Jasmine Pringle (recorder), Namratha Atluri, Tyler Couch (conversation)

This is a sound recording of a simulated conversation between a young adult Indian female immigrant patient and an American male medical student in the lobby of the Duke Student Wellness Center (conversation based on exact real-life experience). In this recording, the immigrant patient, whose native language is Telugu, is attempting to explain her illness and nature of her pain to the medical student, who is trying to help her by suggesting different English descriptive words for pain. However, due to the patient’s lack of English proficiency (her lack of knowledge regarding the right English words to exactly capture her pain), she is slipping into her native language, and the medical student is unable to understand what she is saying. This recording captures the discomfort, embarrassment, and frustration faced by immigrant patients who cannot express their medical stories and feelings in English, and it also depicts the confusion and helplessness of medical providers when they simply cannot understand their patients. As a nation with many immigrants whose first language is not English, the US healthcare system has many incidents where language is the barrier to communication and the establishment of a close and trusting relationship between patients and physicians.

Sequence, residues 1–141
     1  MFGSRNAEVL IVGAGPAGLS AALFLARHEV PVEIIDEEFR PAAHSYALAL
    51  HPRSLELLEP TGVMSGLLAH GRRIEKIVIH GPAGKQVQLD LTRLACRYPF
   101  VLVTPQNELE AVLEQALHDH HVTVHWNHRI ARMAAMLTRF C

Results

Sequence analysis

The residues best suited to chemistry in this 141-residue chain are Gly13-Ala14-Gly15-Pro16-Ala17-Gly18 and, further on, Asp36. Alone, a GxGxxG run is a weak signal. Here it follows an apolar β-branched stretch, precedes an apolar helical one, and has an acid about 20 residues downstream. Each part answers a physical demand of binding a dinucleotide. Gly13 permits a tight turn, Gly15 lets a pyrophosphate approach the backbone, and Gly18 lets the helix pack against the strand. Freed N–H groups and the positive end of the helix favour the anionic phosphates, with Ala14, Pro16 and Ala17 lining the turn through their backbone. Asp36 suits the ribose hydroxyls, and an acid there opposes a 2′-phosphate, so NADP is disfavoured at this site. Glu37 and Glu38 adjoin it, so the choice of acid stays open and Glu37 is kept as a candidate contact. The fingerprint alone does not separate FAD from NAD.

Mose Code is used to send certain message. The military is one example of when morse code may be used. My inspiration behind this sound came from Michel Chion's debate on semantic listening. The picture is an example of what the beeps may stand for. Its up to you to discover the message. Good Luck!

Valerie Slepak, Duke student

Sound recording of a Duke student speaking Russian. Includes information about her family and her time at Duke.